Supply chain misalignments, the main challenges facing today's supply chains, can be grouped into the following four major categories.
Supply chain incentive misalignment characterizes the lack of consistent incentives among supply chain partners. It is well understood that different parties in the supply chain often have different incentives for doing business. They will not cooperate with their supply chain partners unless they have an incentive for doing so. Supply chain incentive misalignment is associated with two common observations in supply chain management. First is the widespread existence of conflicting objectives among the supply chain partners. For instance, suppliers typically want manufacturers to commit themselves to purchasing large quantities in stable volumes with flexible delivery dates. Unfortunately, manufacturers require just-in-time (JIT) supply in small batches from their suppliers due to changing demand and their unwillingness to hold inventories. Thus, the suppliers' goals are in direct conflict with the manufacturers' desire for inventory holding and flexibility.
The otheThe other observation is the lack of shared visions (and risks) between the supply chain partners. For example, suppliers, manufacturers, and retailers often optimise their inventory levels according to their own forecast of future demand. They do not share their observation of the shifts in the marketplace. The result is high inventory costs, high response time or poor service levels. In practice, aligning supply chain incentives can be achieved through so-called performance measurement schemas (Lee and Whang, 1999, 633-40). A performance measurement schema specifies the rules such as how supply chain costs can be calculated and allocated, what service levels should be achieved by supply chain partners, and what constraints the supply chain partners should abide by.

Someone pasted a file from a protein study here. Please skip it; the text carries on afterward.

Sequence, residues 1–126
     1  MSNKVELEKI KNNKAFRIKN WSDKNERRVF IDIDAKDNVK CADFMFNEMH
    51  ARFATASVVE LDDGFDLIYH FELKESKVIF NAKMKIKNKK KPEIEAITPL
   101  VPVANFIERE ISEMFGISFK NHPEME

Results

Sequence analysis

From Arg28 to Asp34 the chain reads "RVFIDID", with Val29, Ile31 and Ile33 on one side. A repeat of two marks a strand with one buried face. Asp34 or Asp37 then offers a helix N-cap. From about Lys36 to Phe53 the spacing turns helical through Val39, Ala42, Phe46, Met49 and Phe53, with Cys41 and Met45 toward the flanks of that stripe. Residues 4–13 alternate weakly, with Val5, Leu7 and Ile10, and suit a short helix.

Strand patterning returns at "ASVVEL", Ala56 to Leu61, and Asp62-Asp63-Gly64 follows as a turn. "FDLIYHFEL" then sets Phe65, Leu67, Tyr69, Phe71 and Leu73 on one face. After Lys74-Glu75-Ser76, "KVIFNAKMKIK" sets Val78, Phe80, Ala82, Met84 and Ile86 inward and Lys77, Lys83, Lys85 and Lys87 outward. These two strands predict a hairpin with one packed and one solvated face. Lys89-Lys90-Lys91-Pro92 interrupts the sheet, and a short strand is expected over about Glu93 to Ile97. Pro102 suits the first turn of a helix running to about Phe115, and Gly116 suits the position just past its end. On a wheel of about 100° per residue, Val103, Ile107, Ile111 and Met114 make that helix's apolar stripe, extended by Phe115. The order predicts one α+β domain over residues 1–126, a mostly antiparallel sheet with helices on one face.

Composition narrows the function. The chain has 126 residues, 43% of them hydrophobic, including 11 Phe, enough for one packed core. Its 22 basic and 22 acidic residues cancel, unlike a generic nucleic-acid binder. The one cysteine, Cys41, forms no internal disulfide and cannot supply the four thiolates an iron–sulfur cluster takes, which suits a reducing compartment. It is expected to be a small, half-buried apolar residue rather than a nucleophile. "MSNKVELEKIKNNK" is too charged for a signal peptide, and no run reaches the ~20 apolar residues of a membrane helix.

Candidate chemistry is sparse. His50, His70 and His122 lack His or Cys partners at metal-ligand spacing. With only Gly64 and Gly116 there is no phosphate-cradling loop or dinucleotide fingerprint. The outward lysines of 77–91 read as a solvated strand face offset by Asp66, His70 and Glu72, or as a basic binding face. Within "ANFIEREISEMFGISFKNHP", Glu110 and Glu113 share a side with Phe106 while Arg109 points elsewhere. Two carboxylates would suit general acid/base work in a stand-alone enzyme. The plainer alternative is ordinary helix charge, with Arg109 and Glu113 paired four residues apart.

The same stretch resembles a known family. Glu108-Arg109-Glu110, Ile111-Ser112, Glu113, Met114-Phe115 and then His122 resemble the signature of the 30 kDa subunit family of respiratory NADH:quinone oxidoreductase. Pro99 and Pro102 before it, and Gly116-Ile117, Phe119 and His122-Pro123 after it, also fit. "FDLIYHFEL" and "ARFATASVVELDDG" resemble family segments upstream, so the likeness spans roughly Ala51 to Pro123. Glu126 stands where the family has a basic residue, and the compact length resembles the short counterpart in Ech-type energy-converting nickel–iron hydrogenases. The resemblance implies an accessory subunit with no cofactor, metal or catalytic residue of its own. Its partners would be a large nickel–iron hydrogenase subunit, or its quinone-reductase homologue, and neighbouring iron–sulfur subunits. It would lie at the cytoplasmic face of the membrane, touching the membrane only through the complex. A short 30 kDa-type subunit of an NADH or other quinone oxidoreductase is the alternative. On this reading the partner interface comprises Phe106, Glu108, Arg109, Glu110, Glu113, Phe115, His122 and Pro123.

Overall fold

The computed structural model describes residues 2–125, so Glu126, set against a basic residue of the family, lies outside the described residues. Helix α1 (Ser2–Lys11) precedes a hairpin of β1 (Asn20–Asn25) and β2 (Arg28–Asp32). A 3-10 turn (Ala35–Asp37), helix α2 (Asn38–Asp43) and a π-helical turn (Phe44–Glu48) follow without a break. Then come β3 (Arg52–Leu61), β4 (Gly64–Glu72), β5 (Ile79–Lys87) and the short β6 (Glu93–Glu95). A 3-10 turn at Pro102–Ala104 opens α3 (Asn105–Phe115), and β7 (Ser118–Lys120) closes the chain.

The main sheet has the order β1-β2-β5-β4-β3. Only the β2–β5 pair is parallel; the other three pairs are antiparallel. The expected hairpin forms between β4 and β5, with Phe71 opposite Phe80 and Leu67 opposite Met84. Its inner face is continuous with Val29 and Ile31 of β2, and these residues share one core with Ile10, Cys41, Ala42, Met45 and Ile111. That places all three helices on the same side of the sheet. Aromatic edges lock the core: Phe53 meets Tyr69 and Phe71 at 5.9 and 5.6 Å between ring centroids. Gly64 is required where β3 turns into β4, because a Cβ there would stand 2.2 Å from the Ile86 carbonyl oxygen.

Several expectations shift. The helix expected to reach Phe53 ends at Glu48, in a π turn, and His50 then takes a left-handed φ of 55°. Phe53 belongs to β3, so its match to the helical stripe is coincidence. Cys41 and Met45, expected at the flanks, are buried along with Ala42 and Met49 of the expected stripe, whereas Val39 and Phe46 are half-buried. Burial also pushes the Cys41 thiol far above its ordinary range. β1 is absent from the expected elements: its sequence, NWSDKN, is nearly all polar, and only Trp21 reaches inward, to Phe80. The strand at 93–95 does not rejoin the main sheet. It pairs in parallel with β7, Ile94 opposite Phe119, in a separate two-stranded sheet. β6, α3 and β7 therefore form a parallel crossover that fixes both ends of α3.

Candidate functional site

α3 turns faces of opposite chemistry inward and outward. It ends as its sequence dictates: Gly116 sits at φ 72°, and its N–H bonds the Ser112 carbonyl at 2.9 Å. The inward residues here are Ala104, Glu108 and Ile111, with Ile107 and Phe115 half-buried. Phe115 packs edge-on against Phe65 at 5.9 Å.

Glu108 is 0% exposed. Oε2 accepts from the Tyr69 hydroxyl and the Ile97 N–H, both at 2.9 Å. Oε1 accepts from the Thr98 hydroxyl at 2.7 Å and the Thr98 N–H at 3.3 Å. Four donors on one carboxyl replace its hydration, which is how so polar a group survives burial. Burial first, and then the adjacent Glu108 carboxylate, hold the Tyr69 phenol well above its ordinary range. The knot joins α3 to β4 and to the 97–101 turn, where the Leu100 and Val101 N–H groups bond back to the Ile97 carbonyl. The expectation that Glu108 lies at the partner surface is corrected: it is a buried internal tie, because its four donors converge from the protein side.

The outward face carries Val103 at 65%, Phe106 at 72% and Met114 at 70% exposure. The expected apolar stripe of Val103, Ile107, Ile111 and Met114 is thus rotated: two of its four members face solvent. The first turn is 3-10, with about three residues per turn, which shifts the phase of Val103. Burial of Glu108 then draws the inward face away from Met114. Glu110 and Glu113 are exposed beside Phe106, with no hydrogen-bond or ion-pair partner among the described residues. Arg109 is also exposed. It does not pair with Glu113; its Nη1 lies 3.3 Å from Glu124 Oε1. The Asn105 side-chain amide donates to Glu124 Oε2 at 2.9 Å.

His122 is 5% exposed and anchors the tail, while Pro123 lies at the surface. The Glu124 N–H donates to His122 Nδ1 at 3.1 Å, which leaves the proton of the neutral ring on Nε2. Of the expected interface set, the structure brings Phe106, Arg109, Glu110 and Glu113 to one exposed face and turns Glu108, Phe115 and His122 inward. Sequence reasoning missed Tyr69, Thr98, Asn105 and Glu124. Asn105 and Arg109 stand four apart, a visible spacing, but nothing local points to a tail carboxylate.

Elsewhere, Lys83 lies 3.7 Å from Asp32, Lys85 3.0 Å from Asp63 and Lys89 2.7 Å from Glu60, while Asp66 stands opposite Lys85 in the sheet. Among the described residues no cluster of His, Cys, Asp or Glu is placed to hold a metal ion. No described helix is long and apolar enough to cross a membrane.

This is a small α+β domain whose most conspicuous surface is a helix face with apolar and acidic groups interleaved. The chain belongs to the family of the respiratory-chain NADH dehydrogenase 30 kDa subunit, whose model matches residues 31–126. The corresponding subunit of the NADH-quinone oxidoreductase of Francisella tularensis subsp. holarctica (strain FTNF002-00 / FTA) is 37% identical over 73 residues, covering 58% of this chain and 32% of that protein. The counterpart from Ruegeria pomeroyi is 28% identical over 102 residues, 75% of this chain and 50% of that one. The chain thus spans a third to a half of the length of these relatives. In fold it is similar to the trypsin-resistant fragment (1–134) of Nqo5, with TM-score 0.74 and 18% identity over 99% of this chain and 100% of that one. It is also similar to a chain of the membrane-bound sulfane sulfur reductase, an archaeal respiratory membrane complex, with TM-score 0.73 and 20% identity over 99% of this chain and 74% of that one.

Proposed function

Supply chain process misalignment occurs when supply chain processes are not synchronized within or between trading partners. Efficient and effective supply chain management requires innovative enterprise and inter-enterprise breakthroughs for synchronization of supply chain processes. The critical factor behind supply chain process misalignment is the interdependency of supply chain processes. Tackling the issues of supply chain process misalignment entails determining which process does what (in the case of managerial processes, which process decides what) and which process knows what.
Supply chain information misalignment occurs when information necessary to support decision-making processes is not readily available, not usable or incorrect. Although recent developments in information technology, such as the internet, enable more information to be readily available for use, supply chain information misalignment still exists due to several reasons. Firstly, the needed information